Guided Response: Respond to at least two of your classmates. In your response, discuss what aspects of an effective, motivating classroom environment can increase the opportunities for students to be creative in the classroom. Be sure to also respond to any questions that your instructor might pose. This discussion post will continue into Week Three.
I see education many times as a cookie cutter, one-size fits all system that rewards only certain aspects of achievement, academics. One of the significant positive attributes of children, creativity, is one that is not encouraged unless within the restraints of the current system. It’s true that in a sense “Adults are educated out of creativity” (Ken Robinson says schools kill creativity, 2006).
Skills of the 21st century are an attempt at refocusing schools’ priority on creativity and innovation, however not too its greatest extent. It’s again, within the constraints of the 20th century curriculum and behavioral expectations. Therefore, the changes being made to encourage creativity will compliment the curriculum, not replace them entirely. Although this is a positive change in education, it very well may not suffice in reaching creativity’s full potential. Providing technological devises and giving more time for student to be brain storming are two techniques from Newman (2013).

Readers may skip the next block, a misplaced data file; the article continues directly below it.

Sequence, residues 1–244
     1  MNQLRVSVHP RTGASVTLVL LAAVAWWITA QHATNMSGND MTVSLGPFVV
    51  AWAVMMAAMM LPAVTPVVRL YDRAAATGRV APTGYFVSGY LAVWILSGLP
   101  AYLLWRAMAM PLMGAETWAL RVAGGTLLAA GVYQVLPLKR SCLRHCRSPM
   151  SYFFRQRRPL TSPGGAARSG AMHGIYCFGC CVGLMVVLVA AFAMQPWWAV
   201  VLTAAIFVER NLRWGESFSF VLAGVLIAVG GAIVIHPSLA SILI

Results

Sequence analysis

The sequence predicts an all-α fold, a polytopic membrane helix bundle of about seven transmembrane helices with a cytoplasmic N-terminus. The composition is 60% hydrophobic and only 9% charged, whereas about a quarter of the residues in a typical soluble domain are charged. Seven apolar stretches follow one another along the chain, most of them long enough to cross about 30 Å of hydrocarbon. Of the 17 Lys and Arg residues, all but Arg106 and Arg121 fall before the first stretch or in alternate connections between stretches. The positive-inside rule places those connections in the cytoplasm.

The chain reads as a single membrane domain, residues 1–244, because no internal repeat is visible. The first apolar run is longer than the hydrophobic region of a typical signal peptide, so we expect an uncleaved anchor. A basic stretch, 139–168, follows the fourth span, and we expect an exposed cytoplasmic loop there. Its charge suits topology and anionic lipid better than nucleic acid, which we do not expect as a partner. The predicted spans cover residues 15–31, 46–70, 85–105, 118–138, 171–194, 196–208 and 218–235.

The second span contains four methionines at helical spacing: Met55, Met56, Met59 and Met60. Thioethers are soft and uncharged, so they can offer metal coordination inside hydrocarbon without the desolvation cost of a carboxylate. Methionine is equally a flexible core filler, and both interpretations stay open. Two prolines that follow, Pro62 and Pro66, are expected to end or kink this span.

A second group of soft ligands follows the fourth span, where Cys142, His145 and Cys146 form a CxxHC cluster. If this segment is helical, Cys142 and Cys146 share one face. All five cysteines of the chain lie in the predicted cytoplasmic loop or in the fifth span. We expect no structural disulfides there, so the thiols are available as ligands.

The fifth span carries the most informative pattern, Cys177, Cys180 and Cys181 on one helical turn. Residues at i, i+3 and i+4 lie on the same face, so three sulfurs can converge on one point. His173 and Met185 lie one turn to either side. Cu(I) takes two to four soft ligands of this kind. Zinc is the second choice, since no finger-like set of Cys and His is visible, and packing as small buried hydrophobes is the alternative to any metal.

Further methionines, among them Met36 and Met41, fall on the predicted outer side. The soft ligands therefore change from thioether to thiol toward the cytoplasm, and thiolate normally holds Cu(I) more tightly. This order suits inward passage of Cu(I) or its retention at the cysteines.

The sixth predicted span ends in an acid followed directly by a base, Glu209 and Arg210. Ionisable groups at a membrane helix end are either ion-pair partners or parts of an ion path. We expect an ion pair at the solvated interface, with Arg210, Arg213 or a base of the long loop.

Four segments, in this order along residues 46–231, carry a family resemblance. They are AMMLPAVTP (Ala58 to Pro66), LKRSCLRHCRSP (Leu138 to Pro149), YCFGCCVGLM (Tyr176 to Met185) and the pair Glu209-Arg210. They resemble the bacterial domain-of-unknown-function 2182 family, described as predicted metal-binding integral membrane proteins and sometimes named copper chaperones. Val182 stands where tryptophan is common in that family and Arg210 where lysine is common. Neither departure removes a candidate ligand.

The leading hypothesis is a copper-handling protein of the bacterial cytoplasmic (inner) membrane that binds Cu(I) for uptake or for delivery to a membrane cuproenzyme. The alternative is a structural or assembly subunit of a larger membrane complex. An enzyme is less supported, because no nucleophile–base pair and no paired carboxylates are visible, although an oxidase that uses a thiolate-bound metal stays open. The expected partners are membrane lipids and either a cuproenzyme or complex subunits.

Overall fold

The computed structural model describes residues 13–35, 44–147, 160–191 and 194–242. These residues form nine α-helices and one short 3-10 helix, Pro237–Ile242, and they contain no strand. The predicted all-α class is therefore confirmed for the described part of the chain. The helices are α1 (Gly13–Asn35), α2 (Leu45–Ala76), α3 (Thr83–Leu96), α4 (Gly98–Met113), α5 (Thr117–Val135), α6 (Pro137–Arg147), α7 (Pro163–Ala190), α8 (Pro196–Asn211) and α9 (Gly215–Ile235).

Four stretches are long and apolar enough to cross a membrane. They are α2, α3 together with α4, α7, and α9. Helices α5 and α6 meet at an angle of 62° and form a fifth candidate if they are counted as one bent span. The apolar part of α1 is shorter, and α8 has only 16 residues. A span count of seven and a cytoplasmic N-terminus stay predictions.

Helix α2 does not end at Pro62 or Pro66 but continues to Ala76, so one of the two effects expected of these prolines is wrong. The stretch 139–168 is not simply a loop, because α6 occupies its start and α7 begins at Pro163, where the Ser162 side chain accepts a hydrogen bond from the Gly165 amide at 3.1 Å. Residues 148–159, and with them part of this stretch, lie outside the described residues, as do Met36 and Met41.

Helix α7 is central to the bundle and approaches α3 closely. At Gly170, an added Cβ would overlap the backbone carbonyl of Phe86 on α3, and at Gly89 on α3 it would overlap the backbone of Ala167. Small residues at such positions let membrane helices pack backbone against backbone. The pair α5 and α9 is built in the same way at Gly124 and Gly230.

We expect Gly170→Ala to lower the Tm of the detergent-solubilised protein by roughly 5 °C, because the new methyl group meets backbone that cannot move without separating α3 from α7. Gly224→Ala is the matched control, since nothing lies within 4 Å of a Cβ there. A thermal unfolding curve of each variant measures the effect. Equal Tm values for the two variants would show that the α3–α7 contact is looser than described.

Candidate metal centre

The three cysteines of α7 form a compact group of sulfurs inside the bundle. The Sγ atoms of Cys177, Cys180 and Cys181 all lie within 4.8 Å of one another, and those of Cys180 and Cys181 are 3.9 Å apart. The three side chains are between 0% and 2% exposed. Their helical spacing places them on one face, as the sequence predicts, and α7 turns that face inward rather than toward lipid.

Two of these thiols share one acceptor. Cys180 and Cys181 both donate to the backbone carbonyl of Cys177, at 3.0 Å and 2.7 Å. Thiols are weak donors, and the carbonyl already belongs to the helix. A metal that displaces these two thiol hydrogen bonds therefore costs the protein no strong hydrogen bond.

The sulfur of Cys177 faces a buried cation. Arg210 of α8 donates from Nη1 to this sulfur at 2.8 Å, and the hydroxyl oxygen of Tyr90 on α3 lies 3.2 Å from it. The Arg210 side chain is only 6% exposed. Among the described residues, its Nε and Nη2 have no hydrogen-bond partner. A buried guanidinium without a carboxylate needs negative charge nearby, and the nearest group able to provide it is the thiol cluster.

In the case that the 21st century skills change the face of education, this could bring both positives and negative outcomes. There will be adults with the confidence and patience to be inventive which would be an improvement in the current skills of the workforce. On the other side, we don’t know what the future holds, therefore, how can we predict how any education model will affect it? This is hard to predict. As Robinson (2006) stated, “Education is meant to take us in a direction we can’t grasp”. Therefore, even less limitations on creativity in the classrooms may be most beneficial.
Newman, R. (2013). Teaching and learning in the 21st century: Connecting the dots. San Diego, CA: Bridgepoint Education, Inc.
TED. (2006, June). Ken Robinson says schools kill creativity [Video file]. Retrieved